On Friday mornings, I look forward to a home delivery and I am never disappointed. A smiling young baker-apprentice brings me the most beautiful, yummy, freshly-baked loaves of bread, that never fail to put a smile on my face and give a sunny start to my day.
She is one of a few special young adults with disabilities that get together to bake, package and deliver ‘Friendship Loaves’ to doors all around my neighbourhood every week.
They participate in a project developed by NSW Friendship Circle and supported by Jesse’s le Petit Patissier. The Friendship Bakery is piloted by Chana and Sender Kavka, the dynamic duo that wanted to create meaningful employment for young adults with disabilities.
I was so impressed with the project, the bakers and the incredibly delicious bread, that I caught up with Sender and asked him how it all got started. Please join me for our first blog in a series to focus on the social impact that businesses are having on our local communities.
(GroupTogether): Tell me a bit about the Friendship Bakery: What inspired you to start it?
(Sender Kavka) We started The Friendship Bakery because we saw young adults with disabilities leaving school and struggling to find meaningful and engaging work. At the Bakery, young adults with special needs get to be involved in all of the steps in running a small business and get a great sense of value knowing that their products grace dinner tables each Friday night. Our Bakers take over a part of Jesse’s Bakery once a week and they create delicious braided bread called “Challah” that we then sell online and by monthly subscription. We started working with Jesse’s bakery in October 2014 and practiced for many months before we were ready to sell our products.
(GT): Tell me a bit about your wonderful Bakers?
(SK) Our bakers are delightful young adults who enjoy food, movies and spending time with family. They got involved with the Bakery through their participation in Friendship Circle’s social and recreational activities for young people with special needs. Together, with their families and volunteers of the Friendship Circle we developed this unique social enterprise to help them find interested and meaningful fun.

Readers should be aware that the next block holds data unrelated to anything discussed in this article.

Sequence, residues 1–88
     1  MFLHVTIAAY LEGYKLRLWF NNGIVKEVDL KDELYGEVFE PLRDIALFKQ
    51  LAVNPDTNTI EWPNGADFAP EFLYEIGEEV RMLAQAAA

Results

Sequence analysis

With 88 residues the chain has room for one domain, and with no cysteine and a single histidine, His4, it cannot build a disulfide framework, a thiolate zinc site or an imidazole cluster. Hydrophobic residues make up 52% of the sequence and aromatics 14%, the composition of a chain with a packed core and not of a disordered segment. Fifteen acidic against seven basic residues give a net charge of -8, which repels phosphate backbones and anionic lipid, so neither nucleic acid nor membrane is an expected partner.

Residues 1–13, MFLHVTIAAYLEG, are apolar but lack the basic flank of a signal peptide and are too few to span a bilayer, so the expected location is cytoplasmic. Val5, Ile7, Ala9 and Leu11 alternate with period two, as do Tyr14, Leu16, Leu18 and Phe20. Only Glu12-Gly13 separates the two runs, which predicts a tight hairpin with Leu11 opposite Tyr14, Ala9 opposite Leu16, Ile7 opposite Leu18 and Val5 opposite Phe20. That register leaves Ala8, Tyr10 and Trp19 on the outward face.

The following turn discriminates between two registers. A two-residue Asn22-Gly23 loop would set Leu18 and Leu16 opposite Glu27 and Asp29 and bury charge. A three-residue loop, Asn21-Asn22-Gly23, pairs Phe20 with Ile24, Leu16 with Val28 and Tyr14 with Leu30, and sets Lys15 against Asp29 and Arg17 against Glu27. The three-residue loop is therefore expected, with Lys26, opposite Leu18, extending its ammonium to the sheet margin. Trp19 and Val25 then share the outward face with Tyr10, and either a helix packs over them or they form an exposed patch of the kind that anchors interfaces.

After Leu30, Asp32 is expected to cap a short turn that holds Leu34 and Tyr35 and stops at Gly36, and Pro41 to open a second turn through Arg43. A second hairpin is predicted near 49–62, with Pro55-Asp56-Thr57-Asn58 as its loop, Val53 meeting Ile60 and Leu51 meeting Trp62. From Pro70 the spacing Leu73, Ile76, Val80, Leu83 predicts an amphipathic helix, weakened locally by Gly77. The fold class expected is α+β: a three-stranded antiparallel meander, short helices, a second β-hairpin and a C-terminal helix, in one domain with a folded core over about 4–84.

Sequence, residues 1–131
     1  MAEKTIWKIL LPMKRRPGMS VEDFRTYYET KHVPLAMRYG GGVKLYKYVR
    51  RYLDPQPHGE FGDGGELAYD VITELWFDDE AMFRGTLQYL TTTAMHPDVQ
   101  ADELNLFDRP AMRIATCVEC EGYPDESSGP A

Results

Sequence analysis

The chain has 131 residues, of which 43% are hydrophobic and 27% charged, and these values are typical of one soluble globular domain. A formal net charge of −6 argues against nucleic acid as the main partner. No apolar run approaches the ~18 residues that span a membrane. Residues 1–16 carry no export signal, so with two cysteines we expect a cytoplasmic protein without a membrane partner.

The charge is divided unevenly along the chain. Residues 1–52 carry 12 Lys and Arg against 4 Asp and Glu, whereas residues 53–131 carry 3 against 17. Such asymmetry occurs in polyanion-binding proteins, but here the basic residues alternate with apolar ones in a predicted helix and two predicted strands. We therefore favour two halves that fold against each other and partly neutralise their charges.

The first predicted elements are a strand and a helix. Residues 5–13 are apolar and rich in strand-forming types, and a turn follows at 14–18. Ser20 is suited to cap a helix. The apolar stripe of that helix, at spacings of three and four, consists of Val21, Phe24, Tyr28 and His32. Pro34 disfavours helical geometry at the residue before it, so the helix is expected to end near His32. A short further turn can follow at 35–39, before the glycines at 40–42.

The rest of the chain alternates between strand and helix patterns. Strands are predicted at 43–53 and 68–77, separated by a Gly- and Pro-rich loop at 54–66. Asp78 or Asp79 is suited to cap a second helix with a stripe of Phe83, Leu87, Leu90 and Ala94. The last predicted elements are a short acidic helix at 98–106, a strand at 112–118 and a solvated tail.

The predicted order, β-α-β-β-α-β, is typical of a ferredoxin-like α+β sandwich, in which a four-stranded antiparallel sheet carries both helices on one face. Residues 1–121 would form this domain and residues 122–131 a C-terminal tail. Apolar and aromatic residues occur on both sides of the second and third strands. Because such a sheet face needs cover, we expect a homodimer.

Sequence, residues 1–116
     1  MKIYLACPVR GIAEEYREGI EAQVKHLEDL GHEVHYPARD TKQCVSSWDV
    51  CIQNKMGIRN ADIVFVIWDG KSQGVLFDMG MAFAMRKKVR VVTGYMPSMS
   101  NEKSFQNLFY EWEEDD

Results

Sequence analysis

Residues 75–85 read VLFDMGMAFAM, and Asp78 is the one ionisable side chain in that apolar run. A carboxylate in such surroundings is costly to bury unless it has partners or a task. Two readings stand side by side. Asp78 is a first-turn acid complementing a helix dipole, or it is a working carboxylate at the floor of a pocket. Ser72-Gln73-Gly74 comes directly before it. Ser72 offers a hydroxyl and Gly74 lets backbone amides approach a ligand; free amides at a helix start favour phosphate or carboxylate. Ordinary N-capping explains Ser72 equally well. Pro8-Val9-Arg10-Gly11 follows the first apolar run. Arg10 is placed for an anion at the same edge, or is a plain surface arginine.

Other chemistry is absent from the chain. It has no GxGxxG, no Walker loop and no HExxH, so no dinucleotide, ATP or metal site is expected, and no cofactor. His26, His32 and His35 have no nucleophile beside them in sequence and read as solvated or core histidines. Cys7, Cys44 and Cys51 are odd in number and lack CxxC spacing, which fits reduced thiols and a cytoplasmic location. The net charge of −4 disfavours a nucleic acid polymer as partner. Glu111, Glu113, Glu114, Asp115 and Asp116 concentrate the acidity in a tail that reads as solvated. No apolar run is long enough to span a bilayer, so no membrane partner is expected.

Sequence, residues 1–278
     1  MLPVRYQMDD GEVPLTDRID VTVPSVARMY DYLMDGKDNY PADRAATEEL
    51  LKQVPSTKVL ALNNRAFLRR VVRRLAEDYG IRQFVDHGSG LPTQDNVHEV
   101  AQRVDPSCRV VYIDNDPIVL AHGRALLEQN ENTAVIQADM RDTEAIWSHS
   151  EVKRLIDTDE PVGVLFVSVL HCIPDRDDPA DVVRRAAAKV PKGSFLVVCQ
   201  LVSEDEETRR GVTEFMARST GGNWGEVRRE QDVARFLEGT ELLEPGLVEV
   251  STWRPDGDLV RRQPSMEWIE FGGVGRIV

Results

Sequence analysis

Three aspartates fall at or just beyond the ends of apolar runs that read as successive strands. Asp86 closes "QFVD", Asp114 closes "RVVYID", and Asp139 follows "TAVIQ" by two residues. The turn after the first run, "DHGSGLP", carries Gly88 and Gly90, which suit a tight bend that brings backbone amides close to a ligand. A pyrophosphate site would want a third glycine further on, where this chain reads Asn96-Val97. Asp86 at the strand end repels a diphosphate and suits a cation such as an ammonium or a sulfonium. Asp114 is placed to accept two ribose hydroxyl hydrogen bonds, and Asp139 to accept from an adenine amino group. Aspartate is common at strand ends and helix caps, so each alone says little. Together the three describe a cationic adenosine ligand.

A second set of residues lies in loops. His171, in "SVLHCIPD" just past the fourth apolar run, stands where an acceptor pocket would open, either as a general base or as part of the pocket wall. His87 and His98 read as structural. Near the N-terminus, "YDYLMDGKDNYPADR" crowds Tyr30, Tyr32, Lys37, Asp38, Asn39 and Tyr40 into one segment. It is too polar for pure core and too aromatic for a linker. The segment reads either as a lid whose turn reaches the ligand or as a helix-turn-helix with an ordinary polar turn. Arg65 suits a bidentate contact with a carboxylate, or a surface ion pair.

Our bakers are between 18 and 23. We started training them in the bakery itself by actually baking challah for friends and family; and it took us a while to discover each bakers’ strengths and to be able to create a consistently delicious product that we were able to sell. Three people work in the bakery and two in delivery.
(GT) Does everyone participate in making, baking and delivering?
(SK) It is about identifying each person’s strengths and then creating a team environment where everyone has a role to play. They all know that if one person does not do their job, then everyone is held back. On a slow week, we’ll mix up the jobs a bit to allow everyone to do a bit of everything.
(GT): What’s the most challenging issue that’s come up?
(SK) Although our product has it’s own branding, we work out of an actual bakery alongside their regular staff. We often have unexpected changes that come along with working in an busy bakery that can be hard for some of our bakers. They have been doing a great job of adapting and they actually enjoy being in a mainstream bakery!
(GT):How do you measure their job satisfaction, do you think it’s changed their lives?
(SK) The Bakery has become a huge part in the lives of our bakers. The Bakers have built a cohesive unit – they look forward to seeing each other and working together each week. They are so proud to be working in a real bakery and learning real skills. They also know that we trust them and know that they will do a good job. They are proud that people buy their products that they worked so hard to create. We know that the satisfaction they get from being in the Friendship Bakery spills over to the rest of their week.
(GT): Have they gone on to do other things?
(GT): What has been the most surprising part of your journey?
(SK) Mostly good surprises, like our awesome community of customers and the generosity of some outstanding volunteers.
(GT): What’s the next step for the bakery?
(SK) Originally, we were hoping to expand the product range, open up for spots for bakers and work towards a brick and mortar shop, maybe a café or something. While we haven’t ruled that out we are now working on creating other micro-business in partnership with existing business that focus more on each individuals’ interests and talents rather than creating a one size fits all.
To order your own wonderful, freshly baked bread or to find out more about this amazing organisation, please visit The Friendship Bakery.
The Friendship Bakery has recently entered a video of the project into the Focus on Ability competition and would love your votes. Please watch the video and register your vote for these amazing Bakers and this wonderful project. Julie + Ali
Best gifts for teachers that they actually want and you can afford
By Ali Linz, Co-Founder of GroupTogether and Mum to 4 kids
Another mum and I helped 40,000 parents organise group